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In this series I'm going to go through styles of yoga that mean something to me, or that I feel I have something to share about. Hopefully this can help develop an understanding about what all the different styles of yoga are. In case you didn't know; there are a lot!

We'll start with Vinyasa, as that's what I teach. Vinyasa is a flow style of yoga which means it's traditionally 'one breath, one movement'. As in, if you raise your arm, you inhale, and when you drop your arm, you exhale.

Vinyasa stems from the Krishna Macharia Ashtanga yoga lineage, which means it's dynamic and relatively athletic. There are a series of poses that are staple Hatha yoga postures, and vinyasa uses all of these... and then adds more. Basically, vinyasa can do whatever it wants to. It doesn't stick to the traditionally defined yoga poses, or sequences found in the Ashtanga series (I'll go into Ashtanga in another post); in vinyasa, you are more than welcome to make up your own yoga poses.

Basically vinyasa yoga gives you freedom to create movements, routines, poses and flows however feels best for you; the teacher and the student. Vinyasa has no rules, other than staying connected to the breath as you move.

If you want to spend an hour rolling around on the floor, stretching arms and legs into the sky and out to the side, vinyasa lets you do this. If you want to take a really simple flow based of sun salutations, maybe a few cat-cows and a tree pose, vinyasa lets you do this. If you want to move through Crow Pose (Bakasana), Bird of Paradise, (Boat Pose) Navasana and finishing off with a nice relaxing Handstand (adho mukha vriksasana)- yes I did say handstand not headstand... vinyasa lets you do it.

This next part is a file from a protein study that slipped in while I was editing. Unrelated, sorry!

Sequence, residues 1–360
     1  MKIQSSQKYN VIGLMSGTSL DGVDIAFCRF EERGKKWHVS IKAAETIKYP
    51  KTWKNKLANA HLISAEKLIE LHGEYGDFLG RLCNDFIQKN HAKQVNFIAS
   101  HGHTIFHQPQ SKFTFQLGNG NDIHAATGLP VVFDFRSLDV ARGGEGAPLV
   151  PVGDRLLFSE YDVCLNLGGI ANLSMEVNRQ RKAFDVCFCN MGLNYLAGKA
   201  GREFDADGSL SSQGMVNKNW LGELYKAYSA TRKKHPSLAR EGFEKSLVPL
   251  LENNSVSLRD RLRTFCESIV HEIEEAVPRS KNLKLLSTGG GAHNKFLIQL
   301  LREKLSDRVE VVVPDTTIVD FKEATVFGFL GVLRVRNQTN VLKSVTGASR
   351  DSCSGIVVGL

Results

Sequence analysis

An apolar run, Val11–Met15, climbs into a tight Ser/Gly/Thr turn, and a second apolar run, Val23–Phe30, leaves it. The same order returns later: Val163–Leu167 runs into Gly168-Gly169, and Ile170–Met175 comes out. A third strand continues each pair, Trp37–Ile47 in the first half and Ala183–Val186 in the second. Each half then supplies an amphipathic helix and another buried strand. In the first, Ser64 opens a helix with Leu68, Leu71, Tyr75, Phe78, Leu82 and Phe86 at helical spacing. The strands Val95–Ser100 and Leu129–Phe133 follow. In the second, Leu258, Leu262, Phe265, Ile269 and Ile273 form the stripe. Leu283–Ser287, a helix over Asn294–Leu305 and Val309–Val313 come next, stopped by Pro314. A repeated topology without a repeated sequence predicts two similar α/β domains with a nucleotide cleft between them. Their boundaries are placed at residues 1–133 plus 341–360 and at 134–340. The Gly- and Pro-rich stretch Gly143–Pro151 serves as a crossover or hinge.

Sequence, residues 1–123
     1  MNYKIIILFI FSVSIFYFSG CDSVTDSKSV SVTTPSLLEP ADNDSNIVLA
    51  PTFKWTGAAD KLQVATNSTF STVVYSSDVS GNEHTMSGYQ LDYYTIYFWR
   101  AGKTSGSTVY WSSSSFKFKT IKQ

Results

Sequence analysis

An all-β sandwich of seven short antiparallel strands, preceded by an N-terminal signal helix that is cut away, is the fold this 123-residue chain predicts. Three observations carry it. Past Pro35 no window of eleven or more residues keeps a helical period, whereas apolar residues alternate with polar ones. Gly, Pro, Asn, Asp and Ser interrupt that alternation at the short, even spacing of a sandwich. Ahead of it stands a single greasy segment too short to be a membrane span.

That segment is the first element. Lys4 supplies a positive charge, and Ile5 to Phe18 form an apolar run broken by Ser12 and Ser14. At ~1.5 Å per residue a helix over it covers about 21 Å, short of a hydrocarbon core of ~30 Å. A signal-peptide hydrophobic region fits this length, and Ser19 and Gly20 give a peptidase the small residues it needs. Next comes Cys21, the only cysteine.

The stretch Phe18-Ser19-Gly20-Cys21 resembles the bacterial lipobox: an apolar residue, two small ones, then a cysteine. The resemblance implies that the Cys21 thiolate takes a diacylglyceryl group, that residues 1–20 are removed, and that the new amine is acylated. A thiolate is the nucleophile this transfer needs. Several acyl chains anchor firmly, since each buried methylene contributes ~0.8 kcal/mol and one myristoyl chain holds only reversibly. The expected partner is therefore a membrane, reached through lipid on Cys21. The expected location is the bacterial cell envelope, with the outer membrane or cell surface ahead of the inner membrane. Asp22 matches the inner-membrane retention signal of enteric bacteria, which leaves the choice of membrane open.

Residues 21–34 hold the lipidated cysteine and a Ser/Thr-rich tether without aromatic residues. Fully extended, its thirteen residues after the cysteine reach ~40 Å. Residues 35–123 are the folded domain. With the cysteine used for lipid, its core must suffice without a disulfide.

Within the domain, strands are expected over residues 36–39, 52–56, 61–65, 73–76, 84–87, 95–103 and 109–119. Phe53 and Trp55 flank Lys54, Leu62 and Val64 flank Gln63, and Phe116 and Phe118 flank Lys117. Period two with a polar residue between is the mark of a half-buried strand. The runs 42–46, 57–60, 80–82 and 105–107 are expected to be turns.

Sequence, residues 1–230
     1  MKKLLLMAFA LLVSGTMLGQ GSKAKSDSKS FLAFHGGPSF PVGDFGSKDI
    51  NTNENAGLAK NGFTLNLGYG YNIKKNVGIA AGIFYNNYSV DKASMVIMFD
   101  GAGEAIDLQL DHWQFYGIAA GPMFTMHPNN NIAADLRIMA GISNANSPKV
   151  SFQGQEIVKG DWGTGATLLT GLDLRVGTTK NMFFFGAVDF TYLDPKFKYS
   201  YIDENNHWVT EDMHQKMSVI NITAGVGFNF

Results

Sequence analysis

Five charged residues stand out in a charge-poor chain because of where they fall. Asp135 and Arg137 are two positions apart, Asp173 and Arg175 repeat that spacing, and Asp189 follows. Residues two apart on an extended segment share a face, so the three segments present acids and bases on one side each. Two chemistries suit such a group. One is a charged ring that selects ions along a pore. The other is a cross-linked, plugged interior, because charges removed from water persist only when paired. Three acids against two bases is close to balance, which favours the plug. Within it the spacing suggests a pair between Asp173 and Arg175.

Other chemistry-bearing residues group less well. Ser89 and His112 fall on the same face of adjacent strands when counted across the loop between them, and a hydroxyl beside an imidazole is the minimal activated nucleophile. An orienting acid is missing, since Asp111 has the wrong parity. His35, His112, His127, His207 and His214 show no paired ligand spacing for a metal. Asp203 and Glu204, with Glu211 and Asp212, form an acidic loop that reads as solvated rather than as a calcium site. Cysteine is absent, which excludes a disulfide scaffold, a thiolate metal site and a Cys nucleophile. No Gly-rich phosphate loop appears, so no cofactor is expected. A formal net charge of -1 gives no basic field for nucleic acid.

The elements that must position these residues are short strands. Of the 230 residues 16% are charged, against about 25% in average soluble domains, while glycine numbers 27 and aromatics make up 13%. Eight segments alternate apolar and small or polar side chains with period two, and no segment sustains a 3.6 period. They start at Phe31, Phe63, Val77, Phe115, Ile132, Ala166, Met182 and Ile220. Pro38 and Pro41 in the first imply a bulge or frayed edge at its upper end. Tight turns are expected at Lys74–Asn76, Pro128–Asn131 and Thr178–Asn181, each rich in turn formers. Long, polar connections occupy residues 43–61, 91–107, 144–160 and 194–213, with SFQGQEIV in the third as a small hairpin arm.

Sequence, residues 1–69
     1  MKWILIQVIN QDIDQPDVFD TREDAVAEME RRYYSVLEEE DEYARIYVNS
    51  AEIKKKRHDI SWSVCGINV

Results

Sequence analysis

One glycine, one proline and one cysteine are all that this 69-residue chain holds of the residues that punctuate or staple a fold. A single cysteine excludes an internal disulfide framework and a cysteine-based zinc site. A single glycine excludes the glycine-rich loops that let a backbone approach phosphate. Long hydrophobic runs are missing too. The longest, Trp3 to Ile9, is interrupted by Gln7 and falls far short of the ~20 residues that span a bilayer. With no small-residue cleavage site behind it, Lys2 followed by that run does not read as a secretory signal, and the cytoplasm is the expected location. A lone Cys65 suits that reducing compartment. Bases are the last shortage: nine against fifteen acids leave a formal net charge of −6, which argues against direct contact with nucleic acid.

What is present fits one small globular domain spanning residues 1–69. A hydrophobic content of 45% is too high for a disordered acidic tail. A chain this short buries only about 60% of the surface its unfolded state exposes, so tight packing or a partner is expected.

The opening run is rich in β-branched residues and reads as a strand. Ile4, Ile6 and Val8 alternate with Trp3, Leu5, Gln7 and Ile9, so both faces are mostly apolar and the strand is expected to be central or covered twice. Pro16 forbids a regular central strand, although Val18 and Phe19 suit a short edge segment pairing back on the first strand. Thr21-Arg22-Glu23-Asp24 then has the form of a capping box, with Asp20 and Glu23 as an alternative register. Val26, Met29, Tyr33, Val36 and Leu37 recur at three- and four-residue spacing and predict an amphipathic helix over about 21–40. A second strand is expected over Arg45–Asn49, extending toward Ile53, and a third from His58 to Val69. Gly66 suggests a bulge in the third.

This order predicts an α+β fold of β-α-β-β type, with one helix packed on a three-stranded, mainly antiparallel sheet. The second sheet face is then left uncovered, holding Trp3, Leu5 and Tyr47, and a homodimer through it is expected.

If you go to a vinyasa yoga class, it will really depend on the style of that teacher as to what you'll get. If you just take a lucky dip with a studio that has 'vinyasa' offered, it could be fast, slow, hard, easy, boring, exciting, spiritual, new, familiar or anything else in between. Perhaps the most unlikely outcome is that it would be something that you actually did expect. But if you like yoga, chances are you'll enjoy it for whatever that teacher has to offer.

The style of vinyasa yoga I teach is a relatively dynamic vinyasa, we try different poses each time, and see how we react to trying new things, or coming back to familiar ones. We take breaks in between sequences, whether these are standing or in Child's Pose (Balasana), to check back in with ourselves. There is a strong emphasis on spirituality, noticing how we're feeling and being kind to ourselves with whatever we find.

I teach the style of vinyasa that I love to practice, and that I would want to go to a class to, so I'm glad when my students connect to it and feel the same way. Overall the thing with vinyasa that I love the most is that you can suit it to fit you, it can be whatever you need the most, and it always keeps things interesting whilst still giving you the opportunity to try, experiment and grow.

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